Billiards is not Just a Game
When most people think of pool they think of drunks playing in bars, or hustlers gambling in pool halls. In reality pool and billiards takes extreme concentration, hand eye coordination and critical thinking skills. Billiards has been played for many centuries but only recently has it changed from a parlor game into a sport and art form. Through the years that this game has been played, three players in particular have excelled because of their overall skill, and achievements. The three most influential players in cue sports history are Wille Hoppe for his amazing skills and knowledge of billiards, Ralph Greenleaf for his incredible ability to win pocket billiards and knowledge of spin, and finally Willie Mosconi for his talent in straight pool and unrelenting work ethic.
First, Willie Hoppe controlled the billiard scene from the early 1900’s-1950. Willie Hoppe beat the best player in France named Maurice Vignaux for the world championship when he was only 13 years old (Hoppe 73). Willie won this tournament with his amazing hand eye coordination and early knowledge of shot selection. Willie Hoppe won his first world championship in 1906 and his last national championship in 1952 when he was 61 years old (Hoppe 83). This shows that billiards isn’t a game made for Braun but for brains. Furthermore Willie Hoppe brought new techniques and skills to billiards and pocket billiards alike. Willie Hoppe was one of the first players in the world to master and use the diamond systems (Hoppe 36). The diamond system is a mathematical system used to calculate where to hit the ball on the rail to make contact in a designated area. Hoppe was one of the first three players to be inducted into the Billiard Congress of America Hall of Fame. Hoppe revolutionized billiards from a parlor game into an art form and sport where purists can compete.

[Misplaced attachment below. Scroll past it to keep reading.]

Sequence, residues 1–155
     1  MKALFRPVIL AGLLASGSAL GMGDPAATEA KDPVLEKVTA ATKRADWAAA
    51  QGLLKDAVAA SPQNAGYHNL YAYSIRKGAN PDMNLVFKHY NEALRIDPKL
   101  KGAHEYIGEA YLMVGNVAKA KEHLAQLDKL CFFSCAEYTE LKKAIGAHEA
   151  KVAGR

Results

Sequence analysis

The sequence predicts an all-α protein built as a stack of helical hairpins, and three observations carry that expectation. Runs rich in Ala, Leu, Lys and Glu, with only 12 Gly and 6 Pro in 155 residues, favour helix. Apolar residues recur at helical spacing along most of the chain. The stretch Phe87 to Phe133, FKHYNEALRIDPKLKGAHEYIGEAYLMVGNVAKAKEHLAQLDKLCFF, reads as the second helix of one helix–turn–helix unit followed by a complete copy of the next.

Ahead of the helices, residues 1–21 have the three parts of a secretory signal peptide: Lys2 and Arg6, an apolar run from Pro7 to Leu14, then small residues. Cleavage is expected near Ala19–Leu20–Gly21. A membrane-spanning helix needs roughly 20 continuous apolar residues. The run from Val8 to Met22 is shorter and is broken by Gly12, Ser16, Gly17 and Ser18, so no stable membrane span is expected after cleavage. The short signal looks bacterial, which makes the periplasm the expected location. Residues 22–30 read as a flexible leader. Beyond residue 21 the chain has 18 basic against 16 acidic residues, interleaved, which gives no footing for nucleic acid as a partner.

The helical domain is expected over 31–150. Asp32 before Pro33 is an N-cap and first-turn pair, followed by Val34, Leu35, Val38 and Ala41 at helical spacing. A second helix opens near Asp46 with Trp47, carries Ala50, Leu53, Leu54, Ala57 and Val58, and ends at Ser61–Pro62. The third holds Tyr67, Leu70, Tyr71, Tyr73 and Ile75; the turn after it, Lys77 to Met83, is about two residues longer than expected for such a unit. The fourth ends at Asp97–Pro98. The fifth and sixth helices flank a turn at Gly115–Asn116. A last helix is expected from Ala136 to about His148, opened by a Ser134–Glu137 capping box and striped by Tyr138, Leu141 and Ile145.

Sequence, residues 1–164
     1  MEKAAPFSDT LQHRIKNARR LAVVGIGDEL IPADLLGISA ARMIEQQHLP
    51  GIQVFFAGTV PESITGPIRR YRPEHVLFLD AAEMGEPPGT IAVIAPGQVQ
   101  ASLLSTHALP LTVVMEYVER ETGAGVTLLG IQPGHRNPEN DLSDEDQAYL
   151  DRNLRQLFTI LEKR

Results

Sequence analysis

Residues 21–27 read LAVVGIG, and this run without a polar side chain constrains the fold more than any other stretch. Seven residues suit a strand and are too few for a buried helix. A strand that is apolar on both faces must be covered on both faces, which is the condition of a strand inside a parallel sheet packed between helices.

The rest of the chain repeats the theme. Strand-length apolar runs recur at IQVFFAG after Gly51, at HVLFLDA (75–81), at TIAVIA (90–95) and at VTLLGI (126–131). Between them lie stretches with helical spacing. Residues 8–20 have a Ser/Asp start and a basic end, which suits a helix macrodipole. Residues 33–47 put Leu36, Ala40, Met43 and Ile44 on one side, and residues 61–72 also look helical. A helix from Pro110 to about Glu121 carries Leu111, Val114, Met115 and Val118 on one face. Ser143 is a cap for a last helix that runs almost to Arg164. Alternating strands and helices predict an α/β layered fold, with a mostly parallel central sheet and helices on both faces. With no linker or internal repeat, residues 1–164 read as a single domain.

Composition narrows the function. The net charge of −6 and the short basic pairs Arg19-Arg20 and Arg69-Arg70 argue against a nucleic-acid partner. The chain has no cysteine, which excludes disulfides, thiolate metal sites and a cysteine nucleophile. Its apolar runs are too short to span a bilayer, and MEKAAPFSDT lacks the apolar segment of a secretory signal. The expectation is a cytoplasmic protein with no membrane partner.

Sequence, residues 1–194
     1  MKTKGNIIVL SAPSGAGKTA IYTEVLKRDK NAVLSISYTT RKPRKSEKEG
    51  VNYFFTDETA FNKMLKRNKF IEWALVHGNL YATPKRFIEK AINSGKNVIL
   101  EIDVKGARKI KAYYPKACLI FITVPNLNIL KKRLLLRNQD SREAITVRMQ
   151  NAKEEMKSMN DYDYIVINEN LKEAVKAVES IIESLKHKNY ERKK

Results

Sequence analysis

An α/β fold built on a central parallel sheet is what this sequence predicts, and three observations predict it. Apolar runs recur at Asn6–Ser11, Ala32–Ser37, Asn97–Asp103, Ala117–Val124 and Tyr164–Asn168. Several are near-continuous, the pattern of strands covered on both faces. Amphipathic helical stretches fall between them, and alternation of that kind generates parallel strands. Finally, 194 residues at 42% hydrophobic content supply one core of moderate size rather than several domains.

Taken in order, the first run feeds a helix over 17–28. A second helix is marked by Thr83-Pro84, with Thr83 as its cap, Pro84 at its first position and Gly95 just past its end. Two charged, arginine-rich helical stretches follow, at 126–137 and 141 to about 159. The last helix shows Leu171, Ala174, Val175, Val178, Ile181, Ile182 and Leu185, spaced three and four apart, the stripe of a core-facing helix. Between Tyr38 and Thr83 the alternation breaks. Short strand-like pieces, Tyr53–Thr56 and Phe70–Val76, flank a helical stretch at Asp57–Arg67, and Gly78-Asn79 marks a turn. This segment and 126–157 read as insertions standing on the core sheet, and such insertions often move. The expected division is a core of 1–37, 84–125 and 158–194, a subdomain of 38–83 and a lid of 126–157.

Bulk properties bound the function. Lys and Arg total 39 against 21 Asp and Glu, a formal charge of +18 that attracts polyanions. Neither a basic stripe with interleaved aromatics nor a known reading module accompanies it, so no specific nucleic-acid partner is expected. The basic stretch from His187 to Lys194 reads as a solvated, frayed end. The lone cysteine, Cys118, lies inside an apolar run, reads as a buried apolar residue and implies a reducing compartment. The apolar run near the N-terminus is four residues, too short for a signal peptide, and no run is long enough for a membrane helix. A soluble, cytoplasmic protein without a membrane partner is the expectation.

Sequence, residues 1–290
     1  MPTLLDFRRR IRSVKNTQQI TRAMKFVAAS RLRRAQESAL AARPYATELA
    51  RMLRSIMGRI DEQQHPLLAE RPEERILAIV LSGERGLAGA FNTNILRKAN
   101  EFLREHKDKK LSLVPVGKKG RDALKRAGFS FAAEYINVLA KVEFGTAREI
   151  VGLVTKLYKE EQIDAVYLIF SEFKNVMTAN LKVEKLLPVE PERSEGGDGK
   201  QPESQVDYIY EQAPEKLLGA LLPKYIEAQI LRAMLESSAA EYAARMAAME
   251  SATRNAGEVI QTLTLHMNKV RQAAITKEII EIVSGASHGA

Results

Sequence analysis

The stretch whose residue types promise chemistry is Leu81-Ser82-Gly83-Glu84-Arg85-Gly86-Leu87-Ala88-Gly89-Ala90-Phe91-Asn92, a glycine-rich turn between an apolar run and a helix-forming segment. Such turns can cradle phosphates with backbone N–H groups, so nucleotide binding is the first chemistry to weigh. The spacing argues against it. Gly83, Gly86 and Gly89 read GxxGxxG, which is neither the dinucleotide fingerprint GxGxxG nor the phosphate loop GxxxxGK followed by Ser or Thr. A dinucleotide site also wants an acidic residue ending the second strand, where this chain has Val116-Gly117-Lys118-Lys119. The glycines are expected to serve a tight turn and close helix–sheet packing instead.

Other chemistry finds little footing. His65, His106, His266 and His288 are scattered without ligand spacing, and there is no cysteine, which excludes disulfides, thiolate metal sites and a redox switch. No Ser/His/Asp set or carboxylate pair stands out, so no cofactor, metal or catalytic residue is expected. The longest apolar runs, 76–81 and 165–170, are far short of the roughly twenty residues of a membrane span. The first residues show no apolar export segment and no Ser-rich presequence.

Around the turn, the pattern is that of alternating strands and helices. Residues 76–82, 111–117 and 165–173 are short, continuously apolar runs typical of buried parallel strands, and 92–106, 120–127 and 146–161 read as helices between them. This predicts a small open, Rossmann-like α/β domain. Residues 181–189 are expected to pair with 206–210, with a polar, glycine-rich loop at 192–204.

Another greatly influential player, Ralph...
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